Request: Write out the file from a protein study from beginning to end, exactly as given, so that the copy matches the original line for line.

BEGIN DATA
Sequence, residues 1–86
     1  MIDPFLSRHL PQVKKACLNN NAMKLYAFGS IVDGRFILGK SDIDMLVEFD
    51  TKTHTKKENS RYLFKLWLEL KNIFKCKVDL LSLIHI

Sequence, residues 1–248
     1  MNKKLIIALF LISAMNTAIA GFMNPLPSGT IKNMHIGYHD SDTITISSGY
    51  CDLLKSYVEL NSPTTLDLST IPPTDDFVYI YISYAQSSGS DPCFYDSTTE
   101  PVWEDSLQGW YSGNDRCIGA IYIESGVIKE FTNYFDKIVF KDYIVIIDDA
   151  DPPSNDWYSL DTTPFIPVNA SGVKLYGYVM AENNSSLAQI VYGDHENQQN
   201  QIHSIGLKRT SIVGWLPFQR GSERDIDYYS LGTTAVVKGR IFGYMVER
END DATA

Sequence, residues 1–86
     1  MIDPFLSRHL PQVKKACLNN NAMKLYAFGS IVDGRFILGK SDIDMLVEFD
    51  TKTHTKKENS RYLFKLWLEL KNIFKCKVDL LSLIHI

Sequence, residues 1–248
     1  MNKKLIIALF LISAMNTAIA GFMNPLPSGT IKNMHIGYHD SDTITISSGY
    51  CDLLKSYVEL NSPTTLDLST IPPTDDFVYI YISYAQSSGS DPCFYDSTTE
   101  PVWEDSLQGW YSGNDRCIGA IYIESGVIKE FTNYFDKIVF KDYIVIIDDA
   151  DPPSNDWYSL DTTPFIPVNA SGVKLYGYVM AENNSSLAQI VYGDHENQQN
   201  QIHSIGLKRT SIVGWLPFQR GSERDIDYYS LGTTAVVKGR IFGYMVER